SPRINGFIELD  –  Illinois Gov. Pat Quinn is proposing to spend nearly $1 billion more than last year, but not a single dollar of the additional spending will go toward schools, health care, or roads.

By Benjamin Yount | Illinois watchdog

SPRINGFIELD  –  Illinois Gov. Pat Quinn is proposing to spend nearly $1 billion more than last year, but not a single dollar of the additional spending will go toward schools, health care, or roads.

Illinois, instead, will spend more on pensions for public workers and higher salaries for nearly 35,000 state employees.

The Quinn administration laid-out its new spending plan Tuesday night, the governor will deliver his budget address to lawmakers today at noon.

Jerry Stermer, Quinn’s budget director, said the new state budget is “balanced, honest, and difficult.”

Among the highlights of the $35.6 billion budget:

  • Illinois’ pension payment will rise by nearly $1 billion. The total pension payment will be nearly $8 billion, or 19 percent of the state budget.
  • State workers covered by the new contract with the American Federation of State, County, and Municipal Employees will receive close to $200 million in pay raises in the new budget. That includes back pay for raises that Illinois did not pay under a previous contract.
  • Education is taking a hit. General state aid for elementary and high schools across the state will see their funding cut by $150 million. College and universities are being told to expect a $400 million budget cut.
  • There are no tax or fee increases.

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  1. The Democratic Party is at war with the middle class

    Our state legislators, almost all Democrats, care more about government unions than our children.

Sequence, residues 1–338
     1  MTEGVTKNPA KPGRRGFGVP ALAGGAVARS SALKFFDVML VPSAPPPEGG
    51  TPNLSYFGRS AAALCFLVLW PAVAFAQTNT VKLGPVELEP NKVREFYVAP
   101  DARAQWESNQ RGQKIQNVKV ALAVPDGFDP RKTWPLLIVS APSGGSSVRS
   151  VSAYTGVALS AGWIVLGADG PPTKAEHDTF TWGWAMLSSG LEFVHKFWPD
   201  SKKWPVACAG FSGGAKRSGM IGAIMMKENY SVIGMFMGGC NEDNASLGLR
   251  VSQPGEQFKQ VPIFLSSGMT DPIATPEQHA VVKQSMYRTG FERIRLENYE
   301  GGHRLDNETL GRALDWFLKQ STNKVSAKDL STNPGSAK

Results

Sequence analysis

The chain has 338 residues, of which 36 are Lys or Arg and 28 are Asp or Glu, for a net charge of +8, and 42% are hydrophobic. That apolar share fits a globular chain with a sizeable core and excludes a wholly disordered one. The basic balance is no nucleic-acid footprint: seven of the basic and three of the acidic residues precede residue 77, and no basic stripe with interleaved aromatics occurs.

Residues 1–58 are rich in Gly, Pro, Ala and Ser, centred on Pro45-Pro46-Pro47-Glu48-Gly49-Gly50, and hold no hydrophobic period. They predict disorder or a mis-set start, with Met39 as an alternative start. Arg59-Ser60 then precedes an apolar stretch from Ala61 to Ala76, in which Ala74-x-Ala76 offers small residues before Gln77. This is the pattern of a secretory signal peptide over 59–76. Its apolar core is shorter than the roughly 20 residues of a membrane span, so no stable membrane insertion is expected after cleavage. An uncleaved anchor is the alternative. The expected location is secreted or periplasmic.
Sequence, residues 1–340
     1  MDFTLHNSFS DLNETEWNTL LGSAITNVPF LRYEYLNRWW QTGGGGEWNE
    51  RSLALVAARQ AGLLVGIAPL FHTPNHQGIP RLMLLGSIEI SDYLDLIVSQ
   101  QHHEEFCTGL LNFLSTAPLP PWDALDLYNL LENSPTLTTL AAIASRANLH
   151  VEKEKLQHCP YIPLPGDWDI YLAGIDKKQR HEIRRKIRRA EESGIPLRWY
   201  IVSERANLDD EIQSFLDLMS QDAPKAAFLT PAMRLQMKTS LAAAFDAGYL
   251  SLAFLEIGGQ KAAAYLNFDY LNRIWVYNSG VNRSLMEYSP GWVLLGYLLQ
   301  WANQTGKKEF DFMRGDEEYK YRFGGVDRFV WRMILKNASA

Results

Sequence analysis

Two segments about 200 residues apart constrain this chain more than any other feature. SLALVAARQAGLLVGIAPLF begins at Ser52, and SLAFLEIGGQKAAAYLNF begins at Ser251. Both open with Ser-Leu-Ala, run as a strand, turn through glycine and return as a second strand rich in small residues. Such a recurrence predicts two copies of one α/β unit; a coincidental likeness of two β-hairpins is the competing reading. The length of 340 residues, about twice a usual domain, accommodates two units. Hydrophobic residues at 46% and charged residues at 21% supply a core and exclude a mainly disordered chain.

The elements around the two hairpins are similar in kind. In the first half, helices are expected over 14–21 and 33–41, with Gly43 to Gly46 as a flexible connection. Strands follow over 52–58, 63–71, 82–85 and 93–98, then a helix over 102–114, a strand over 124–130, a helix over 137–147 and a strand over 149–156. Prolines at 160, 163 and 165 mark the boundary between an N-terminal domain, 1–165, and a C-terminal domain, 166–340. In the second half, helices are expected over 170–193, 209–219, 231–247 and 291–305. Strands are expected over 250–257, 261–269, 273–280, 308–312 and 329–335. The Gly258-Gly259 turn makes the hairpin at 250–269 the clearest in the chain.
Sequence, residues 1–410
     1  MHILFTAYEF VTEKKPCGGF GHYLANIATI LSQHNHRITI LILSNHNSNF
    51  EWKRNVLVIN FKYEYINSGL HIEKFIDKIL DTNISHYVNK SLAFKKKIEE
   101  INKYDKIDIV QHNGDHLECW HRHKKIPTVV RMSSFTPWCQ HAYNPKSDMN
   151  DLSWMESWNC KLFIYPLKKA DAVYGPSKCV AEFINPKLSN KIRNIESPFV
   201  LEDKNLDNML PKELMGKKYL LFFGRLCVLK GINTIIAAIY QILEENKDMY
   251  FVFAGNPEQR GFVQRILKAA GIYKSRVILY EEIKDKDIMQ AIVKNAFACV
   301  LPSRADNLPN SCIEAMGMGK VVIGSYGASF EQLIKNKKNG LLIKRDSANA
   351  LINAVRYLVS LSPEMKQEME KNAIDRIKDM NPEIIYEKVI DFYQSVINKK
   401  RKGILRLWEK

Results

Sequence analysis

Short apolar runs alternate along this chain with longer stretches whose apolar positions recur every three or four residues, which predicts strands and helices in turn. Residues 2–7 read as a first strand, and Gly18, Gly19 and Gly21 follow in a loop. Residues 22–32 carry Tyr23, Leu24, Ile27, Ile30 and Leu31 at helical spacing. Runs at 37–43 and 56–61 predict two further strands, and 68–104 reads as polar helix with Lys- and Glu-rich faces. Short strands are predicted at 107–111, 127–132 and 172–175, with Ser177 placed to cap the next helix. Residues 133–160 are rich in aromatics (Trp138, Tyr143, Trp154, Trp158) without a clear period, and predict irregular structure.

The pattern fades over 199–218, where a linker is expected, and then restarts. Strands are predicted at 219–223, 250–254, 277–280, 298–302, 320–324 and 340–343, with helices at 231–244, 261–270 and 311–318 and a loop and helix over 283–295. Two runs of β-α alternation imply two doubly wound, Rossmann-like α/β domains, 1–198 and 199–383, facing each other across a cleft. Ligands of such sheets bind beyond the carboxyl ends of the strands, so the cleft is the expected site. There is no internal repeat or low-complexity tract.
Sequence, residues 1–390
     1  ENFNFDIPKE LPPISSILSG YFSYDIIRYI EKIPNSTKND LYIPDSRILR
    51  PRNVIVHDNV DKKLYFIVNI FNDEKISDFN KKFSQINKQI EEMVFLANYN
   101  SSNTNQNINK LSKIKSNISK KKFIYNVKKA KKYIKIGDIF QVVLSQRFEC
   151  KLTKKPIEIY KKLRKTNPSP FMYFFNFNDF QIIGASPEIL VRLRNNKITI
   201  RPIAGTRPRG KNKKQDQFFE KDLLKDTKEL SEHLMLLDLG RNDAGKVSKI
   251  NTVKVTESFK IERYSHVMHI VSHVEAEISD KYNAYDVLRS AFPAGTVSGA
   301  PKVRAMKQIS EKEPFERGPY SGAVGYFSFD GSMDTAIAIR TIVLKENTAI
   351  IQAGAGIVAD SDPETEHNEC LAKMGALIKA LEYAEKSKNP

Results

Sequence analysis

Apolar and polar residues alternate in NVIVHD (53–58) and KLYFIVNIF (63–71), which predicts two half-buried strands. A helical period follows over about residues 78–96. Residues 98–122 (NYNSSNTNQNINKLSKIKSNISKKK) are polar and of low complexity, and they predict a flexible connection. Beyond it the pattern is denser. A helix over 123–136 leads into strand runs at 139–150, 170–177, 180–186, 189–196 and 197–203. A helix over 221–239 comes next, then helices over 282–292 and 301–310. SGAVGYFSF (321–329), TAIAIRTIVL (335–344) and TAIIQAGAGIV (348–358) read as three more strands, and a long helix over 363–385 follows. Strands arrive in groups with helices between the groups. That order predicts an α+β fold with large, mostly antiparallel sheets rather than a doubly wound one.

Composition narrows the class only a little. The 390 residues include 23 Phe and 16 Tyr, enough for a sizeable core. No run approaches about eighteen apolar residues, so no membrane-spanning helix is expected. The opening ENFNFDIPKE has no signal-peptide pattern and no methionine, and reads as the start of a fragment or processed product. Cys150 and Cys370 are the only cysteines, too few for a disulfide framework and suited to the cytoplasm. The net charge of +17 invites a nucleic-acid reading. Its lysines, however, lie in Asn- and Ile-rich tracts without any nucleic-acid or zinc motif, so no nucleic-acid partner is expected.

It was only two years ago Democrats borrowed billions to pay down the pension debt and then raised income taxes 67 percent after government union employees marched on Springfield, demanding a tax hike.  Evanston aldermen have raised city taxes more than 20 percent in the past five years.

    More than 90 percent of all government union campaign donations go to Democrat politicians.

    Illinois citizens have lost a ton of home equity, stock value and have been hit harder with rising taxes. And what do we get for it? Less services, more taxes.

    The Government union pension system is unsustainable and our city and state governments keep pumping more money into the pension system at the expense of the rest of us, rich and poor alike.

    A vote for a Democrat is a vote for government unions, more debt and more taxes.

    1. Pension Debt doesn’t solve problem

      There is a common misunderstanding that issuing Pension Obligation Bonds "solves the pension problem of being underfunded". WRONG.

      Issuing a "Pension Bond" just switches one type of debt for another type of debt. It's like paying off your Visa bill with your MasterCard. You may "feel" better, but you now owe MasterCard – you just increase your interest expense and buy yourself a little time.

      In Illinois, not surprisingly Pension Bonds have been misused. In June of 2003 under the "leadership" of Governor Blago, Illinois issued $10 Billion (yes Billion) of Pension Bonds, but only $7.3 Billion was invested in the Pension Funds, with the remaining $2.7 Billion used to pay interest expense and other operating expenses.

      However, Illinois taxpayers still owe $10 Billion for the bond – (money that we borrowed, plus interest)

      More recently, in June 2010 the State Legislator authorized issuing another $3.5 Billion in Pension Bonds.

      Bottom line, Pension Bonds are not risk free, don't solve the pension funding problem and effectively enables our pension funds to invest on margin. And there are fees involved. It's a shell game and the politicians do their best to "sell" their constituents that they're making responsible decisions.

      In fact, they're just "kicking the can" down the road, and guess who will pay the bills? Our children and grandchildren.


    2. The Democratic Party is at war with the middle class